The Third Reich claimed dominance throughout Europe to the very Ural Mountains, and perhaps throughout the world. That is why the authorities had to constantly demonstrate that the best and largest is created only in Germany. One of the ghosts of that era is the 4-kilometer rest house that still stands today. Who, where and when built this "Hitler monster" and what fate befell the unique hotel in the end?
1. How it all started
After the Nazis came to power, the NSDAP had to demonstrate in every possible way that it was she who would lead the German people to prosperity. Thanks to "military Keynesianism", the Nazis were able to lead Germany out of the acute phase of the economic crisis that had engulfed the entire Western world.
As soon as the life of a simple German began to improve, there was a need to organize his mass leisure. At the same time, tourism was an important part of state propaganda. All the benefits of the "new" Germany had to constantly remind the Germans of who, thanks to whom all this appeared. At the same time, all sorts of appeasement of the middle class was accompanied by an intensification of the repressive policy towards ordinary workers and the opposition-minded intelligentsia. So, for example, with the coming to power, the Nazis not only gradually banned all other parties, but also destroyed the trade union movement, depriving the workers of any opportunity to fight for their rights. It was replaced by the fully state-controlled German Labor Front.
In 1936, the German architect Clemens Klotz designed a new type of holiday home. The documentation was shown personally to the Fuhrer, who ordered that several improvements be made to the final project. For example, Hitler demanded that a huge concert hall be added to the project, which could accommodate all the guests of the rest home at once. The head of the NSDAP also suggested that in the future the new rest house could be used for the treatment and rehabilitation of German soldiers and officers who arrived from the front.
The project of the sanatorium was named Prora. In 1937, the creation of Clemens Klotz even received the Grand Prix at the World Exhibition in Paris. At the same time, construction work began, in which all the major construction companies of the Third Reich and 9 thousand workers were involved. The construction of Prora began on the island of Rügen in the Baltic Sea. The outbreak of the Second World War in 1939 prevented the completion of the rest house. The leadership of the NSDAP decided to transfer all builders to other facilities more important for the empire.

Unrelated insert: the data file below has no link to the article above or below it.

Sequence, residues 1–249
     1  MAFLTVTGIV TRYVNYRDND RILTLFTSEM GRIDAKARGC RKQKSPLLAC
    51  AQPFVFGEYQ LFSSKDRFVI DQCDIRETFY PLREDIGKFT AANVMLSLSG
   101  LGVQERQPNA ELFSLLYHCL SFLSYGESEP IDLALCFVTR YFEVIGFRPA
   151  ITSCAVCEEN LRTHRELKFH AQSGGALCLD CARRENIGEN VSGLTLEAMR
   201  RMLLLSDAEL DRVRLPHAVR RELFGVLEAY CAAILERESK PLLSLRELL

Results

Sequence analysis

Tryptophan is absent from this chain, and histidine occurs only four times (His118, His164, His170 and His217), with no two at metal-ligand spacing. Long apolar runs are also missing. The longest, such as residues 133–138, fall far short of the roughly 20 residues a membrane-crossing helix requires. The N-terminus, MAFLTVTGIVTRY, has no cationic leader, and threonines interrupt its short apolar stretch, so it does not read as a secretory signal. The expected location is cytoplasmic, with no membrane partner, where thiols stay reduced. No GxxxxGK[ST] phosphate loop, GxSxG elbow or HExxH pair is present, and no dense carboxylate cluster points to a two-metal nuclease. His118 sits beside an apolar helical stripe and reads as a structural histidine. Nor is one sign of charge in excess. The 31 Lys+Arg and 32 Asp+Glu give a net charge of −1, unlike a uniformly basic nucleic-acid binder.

2. What was the holiday home
The Prora Holiday Home has a length of 4.5 km and is designed for 20,000 beds. In fact, this is not one building, but a whole complex consisting of 8 long buildings located at a distance of 150 meters from each other along the Baltic coast. Today, the reconstruction of the room in Prora looks rather modest. However, by the standards of Germany in the 1930s, it was a modern and comfortable recreation area for representatives of that very “middle class”. Getting into Prora was not easy.
A week's rest here per person cost 20 Reichsmarks. This is about 1/4 of the average German salary at the time. Not even every quite wealthy German could afford this when traveling with his family. Therefore, rest in Prora often became a form of encouragement for those who distinguished themselves. In this case, the voucher was fully or partially subsidized by the German Labor Front. Each of Prora's eight 500-meter hotels had its own seating area. However, there was also a common one, located strictly in the middle between the buildings.
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3. What fate befell the unique complex
In the end, Prora was never completed. During the war years, the complex was repeatedly bombed by the Allies during air raids. After May 8, 1945, soldiers of the Red Army were stationed here at the barracks. In the future, the buildings of Prora were used first by the German national police, and then by the army of the GDR. After the reunification of Germany, the buildings of the rest home were transferred to the department of the Bundeswehr. Until 2005, a significant part of the complexes was empty and slowly destroyed. Only in one of them a restaurant and a kindergarten were opened in 1993. Since 2004, individual premises have been sold to businessmen for a variety of needs.
In 2008, for the first time, the idea of reconstructing Prora as a holiday home was voiced. This idea immediately met with a wave of public indignation and criticism. For the most part, it was due to the fact that, according to the local population, there are already too many tourists on Rügen to open another facility with its own infrastructure for 3,000 seats. Therefore, in 2011, the project was revised and agreed on the decision to open a youth hostel for 402 places. Separately, a hotel was opened for another 300 places for the leisure of the elderly.
If you want to know even more interesting things, then you should read about 8 examples of "heavenly architecture" from the Austrian archbureau Coop Himmelb (l) au.